The ADL’s “H.E.A.T. Map” (hate, extremism, anti-Semitism, and terrorism) is a visual document detailing incidents, and can be drilled down by town. It indicates that there have been three reported hate incidents in West Hartford in the past year, including two incidents of flyer distribution and another act of anti-Semitism.
Hate crimes are chronically under-reported Blumenthal said, and the NO HATE Act includes incentives for police to establish their own reporting.
Waren said he’s been standing with Sen. Blumenthal at press conferences regarding hate crimes for nearly three decades. “Never did we imagine the level of bigotry, the expansion of hate groups … and the explosion of hate crimes that we are now witnessing.”
Laws, leadership, and education, all components of the NO HATE Act, are keys to effectively combat the trends – improving reporting and assistance to victims, providing training and education to law enforcement, and utilizing education and community service for rehabilitation, Waren said.
“It also expands the role of the Department of Justice’s Community Relations Service Division. I’ve personally worked over many years with CRS personnel. Their leadership in fostering dialogue, mediation, and assistance to communities facing discrimination-based conflict is invaluable.”
Waren said hate crimes and bias incidents will occur, but that’s not the measure of a community. “The measure of a community is not whether they occur. The measure of a community is how it responds.”
The resources that will be supported by the NO HATE Act will bolster the ability “to combat extremism, to protect our institutions, stand up for each other and with each other,” to ensure the community “remains inclusive, respectful, and united in our opposition to all forms of bigotry and hate,” Waren said.
Blumenthal told reporters that it didn’t matter which streets in West Hartford were chosen for distribution of the neo-Nazi flyers last week, or whether they were tossed from cars or hand-dropped on porches and stoops, but what matters is that they “degrade and desecrate anyone who is different,” over-appeal to prejudice and bias, and are a sign of spreading the COVID-like virus of violence and extremism.
The flyer, “is the very tip of the iceberg,” Blumenthal said, enlisting membership, intended to “ignite, encourage, embolden, and eventually mobilize” the group promoting white supremacy.
The flyers were found on various streets, including Whitman Avenue, Walton Drive, Braeburn Road, Willowbrook Road, Brookside Boulevard, Greensview Drive, and in Fernridge Park, West Hartford Police Sgt. Amanda Martin said last week.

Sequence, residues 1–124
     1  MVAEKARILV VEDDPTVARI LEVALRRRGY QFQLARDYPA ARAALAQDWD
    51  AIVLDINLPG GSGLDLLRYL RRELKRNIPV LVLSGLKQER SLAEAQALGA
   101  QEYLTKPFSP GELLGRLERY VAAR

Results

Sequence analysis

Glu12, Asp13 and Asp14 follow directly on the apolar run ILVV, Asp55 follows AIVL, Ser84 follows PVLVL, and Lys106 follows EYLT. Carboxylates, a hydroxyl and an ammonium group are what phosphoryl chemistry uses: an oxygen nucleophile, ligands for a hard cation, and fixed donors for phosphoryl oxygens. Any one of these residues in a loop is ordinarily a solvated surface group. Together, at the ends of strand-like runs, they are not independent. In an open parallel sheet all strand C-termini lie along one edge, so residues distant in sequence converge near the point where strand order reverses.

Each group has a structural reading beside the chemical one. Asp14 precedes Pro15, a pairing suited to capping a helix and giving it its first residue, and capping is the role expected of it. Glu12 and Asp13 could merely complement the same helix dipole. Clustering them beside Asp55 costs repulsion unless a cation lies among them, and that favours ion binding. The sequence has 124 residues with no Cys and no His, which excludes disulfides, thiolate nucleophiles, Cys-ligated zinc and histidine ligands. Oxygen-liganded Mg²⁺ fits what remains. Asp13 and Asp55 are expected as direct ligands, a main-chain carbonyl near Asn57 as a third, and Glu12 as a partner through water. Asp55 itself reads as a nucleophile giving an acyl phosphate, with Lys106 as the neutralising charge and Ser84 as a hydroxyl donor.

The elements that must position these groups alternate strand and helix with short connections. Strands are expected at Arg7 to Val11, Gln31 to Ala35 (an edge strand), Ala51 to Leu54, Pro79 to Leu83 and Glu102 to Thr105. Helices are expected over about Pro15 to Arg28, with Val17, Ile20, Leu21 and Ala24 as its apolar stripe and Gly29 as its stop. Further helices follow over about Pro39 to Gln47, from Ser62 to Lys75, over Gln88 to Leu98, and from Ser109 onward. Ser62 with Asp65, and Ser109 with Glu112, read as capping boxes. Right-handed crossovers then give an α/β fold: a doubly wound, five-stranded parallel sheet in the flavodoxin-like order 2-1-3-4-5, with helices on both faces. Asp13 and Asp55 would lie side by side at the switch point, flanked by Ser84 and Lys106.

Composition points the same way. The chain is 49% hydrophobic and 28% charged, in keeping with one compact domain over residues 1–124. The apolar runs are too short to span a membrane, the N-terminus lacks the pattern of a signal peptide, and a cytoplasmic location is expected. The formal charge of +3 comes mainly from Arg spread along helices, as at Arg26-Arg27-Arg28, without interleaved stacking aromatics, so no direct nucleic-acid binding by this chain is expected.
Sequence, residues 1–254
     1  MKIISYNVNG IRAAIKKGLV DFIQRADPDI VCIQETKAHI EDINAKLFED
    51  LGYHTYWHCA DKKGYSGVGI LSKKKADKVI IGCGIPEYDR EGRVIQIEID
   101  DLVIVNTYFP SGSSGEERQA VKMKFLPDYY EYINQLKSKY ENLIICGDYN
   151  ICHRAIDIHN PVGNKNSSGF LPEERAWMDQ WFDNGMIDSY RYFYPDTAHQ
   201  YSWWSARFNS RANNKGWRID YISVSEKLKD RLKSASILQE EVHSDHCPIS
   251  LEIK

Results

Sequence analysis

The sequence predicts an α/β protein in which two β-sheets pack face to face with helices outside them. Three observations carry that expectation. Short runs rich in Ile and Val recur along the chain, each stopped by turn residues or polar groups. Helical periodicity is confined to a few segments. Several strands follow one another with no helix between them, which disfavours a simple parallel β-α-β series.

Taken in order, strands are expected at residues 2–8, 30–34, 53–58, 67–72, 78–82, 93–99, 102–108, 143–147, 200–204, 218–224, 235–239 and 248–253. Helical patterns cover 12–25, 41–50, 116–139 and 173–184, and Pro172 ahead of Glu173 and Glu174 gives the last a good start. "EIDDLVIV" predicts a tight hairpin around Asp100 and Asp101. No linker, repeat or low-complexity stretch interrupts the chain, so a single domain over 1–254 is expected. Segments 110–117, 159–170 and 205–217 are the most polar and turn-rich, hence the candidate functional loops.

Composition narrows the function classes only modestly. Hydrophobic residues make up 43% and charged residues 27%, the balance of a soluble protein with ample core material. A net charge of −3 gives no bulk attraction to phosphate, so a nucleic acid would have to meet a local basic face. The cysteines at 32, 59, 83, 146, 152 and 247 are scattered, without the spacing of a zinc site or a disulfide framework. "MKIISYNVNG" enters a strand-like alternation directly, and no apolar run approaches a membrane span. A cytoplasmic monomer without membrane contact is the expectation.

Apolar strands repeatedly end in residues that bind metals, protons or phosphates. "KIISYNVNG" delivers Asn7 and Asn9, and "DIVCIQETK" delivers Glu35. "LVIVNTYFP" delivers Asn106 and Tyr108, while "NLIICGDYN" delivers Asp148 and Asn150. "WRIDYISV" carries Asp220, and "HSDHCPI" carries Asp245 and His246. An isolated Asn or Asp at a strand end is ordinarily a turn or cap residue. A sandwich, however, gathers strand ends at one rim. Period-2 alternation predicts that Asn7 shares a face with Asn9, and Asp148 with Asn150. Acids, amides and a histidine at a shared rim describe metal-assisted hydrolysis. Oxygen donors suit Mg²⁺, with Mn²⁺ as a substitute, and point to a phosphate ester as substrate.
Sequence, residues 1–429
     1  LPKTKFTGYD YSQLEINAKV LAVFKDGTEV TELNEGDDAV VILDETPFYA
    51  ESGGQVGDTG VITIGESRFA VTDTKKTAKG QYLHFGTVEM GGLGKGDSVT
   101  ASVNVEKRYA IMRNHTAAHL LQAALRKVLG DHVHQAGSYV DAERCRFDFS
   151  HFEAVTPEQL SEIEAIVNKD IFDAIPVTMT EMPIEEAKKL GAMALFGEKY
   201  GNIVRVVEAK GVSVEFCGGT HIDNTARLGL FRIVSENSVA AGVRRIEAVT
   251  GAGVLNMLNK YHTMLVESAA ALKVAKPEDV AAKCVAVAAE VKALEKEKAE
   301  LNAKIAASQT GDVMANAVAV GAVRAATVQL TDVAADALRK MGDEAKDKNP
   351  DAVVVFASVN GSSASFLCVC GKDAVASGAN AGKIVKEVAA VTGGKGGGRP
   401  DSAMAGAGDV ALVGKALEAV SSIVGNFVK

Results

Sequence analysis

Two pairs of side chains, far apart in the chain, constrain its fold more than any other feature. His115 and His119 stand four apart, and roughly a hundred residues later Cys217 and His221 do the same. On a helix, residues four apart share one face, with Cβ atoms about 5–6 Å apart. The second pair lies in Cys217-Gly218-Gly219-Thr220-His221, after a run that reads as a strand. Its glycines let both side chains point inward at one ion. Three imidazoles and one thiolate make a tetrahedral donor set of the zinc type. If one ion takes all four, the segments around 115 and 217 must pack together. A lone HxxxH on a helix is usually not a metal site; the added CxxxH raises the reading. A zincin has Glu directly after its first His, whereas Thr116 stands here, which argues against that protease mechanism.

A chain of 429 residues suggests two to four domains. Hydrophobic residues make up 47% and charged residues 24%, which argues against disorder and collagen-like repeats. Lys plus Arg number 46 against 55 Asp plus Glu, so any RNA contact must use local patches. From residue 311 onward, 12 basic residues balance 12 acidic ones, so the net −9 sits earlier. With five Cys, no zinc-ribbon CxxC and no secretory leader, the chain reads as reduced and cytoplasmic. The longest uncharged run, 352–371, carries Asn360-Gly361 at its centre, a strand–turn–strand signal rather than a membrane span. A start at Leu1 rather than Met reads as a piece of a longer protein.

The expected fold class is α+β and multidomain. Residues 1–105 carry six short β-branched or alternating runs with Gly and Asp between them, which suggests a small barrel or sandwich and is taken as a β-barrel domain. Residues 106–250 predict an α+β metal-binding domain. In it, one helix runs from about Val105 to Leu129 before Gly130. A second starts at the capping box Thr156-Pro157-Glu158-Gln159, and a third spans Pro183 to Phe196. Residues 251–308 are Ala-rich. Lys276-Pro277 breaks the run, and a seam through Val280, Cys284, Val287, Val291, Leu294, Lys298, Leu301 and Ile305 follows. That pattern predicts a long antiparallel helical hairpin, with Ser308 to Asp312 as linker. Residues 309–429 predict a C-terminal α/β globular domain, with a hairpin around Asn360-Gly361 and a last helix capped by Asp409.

For every one of the flyers distributed, there are thousands more incidents of hate on the internet, Waren said.
The Anti-Defamation League describes the New England Nationalist Social Club as a neo-Nazi group espousing racism, antisemitism, and intolerance in online posts, and said members see themselves “as soldiers at war with a hostile, Jewish-controlled system that is deliberately plotting the extinction of the white race.” Sometimes these types of groups require their members to pass out leaflets as a rite of membership, Sobel said, an activity which in itself may not be a “hate crime,” but is certainly a “hate incident.”
While sometimes there can be a reluctance to make hate incidents public, thinking that’s exactly what the perpetrators are looking for, Blumenthal said it’s important to report, to take it seriously, to understand that it’s not a prank, to condemn.
Monday’s press conference was held in West Hartford not only because of the recent incident of flyer distribution, Blumenthal said, “but also West Hartford and its police are really the epitome of acting responsibly, and responsibly to investigating and apprehending, and trying to deter and prosecute.”
Collecting information is key, and the distribution of the flyers could be a precursor to a crime, Riddick said. He said the New England Social Club may be recruiting, and police and their partners are carefully looking for any social media and other reactions to the incident.
“We are going to jump on this,” Riddick told We-Ha.com regarding available grant funds from the NO HATE Act. He said the town would use any funds received for data collection, including software, perhaps establishment of a hotline, and education of staff and the public.